Many divorcing parents of minor children may wonder about child support in Arizona: how it can be requested, what is the proper amount and for how long it will continue. Usually, child support must be requested by one party during the divorce process. There are forms to complete and submit to the court that trigger the process whereby the court or a county agency will request certain documentation or information from each party. The requested documentation or information includes items such as the income of each parent and whether the parties have other children to support.
The court or county agency will also look to how much time the children will spend living with each parent. Often called “timeshare,” this too is usually determined during the divorce process. Generally speaking, if the children live with one party more often than the other, that parent is referred to as the custodial parent and could receive the child support from the non-custodial parent. However, depending upon each parents’ financial resources, the both parents might be obligated to pay some money in support.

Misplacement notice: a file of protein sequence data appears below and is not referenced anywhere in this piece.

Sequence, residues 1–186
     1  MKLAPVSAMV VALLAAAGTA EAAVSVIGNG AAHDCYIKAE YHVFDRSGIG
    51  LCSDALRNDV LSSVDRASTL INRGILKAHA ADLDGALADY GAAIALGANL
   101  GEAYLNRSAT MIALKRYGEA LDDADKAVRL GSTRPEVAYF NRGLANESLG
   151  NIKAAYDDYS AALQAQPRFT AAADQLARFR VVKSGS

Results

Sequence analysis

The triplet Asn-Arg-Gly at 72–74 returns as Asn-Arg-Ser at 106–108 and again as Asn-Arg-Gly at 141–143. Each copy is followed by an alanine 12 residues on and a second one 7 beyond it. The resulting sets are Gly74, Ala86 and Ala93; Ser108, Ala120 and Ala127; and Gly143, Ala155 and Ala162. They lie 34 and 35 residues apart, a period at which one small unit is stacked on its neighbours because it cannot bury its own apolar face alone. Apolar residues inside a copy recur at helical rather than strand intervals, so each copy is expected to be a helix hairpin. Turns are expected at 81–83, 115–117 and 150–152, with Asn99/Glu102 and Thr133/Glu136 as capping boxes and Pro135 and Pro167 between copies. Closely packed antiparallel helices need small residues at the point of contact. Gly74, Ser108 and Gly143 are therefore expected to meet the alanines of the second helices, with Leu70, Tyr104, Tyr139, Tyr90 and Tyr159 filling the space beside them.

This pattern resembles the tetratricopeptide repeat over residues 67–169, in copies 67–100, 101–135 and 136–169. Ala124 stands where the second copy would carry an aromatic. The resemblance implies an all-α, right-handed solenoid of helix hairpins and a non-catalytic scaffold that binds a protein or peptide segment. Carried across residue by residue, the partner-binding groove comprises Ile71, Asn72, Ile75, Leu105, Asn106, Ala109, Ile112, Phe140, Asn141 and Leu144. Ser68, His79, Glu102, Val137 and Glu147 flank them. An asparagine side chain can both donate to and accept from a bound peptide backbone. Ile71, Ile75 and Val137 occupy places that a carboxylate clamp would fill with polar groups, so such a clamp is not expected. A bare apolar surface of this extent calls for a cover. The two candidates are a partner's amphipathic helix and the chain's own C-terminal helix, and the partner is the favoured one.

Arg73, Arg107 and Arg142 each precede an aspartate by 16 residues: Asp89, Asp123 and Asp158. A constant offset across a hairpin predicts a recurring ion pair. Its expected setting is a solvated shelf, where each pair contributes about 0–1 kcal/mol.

In making the calculation determination, factors other than the parents’ income are also considered, such as the financial needs of the children, the standard of living the children would have if not for the divorce, any medical needs and the children’s’ educational needs. While usually child support is ordered only for children under the age of 18, this is not always the case. For example, support may be ordered for children with disabilities or if it is determined to be in the children’s best interest.
Lastly, it is important to note that support orders can change. The initial orders are based on circumstances as they are at the time, but those circumstances rarely remain static. The needs of the children change, parent’s resources and income changes and the time spent with each parent may change. As such, one parent may request the ordered amount increased or decreased, or the duration changed. Each situation is unique and must be reviewed carefully; an Arizona attorney with family law experience can provide assistance.
Source: Arizona state statute, accessed August 8, 2014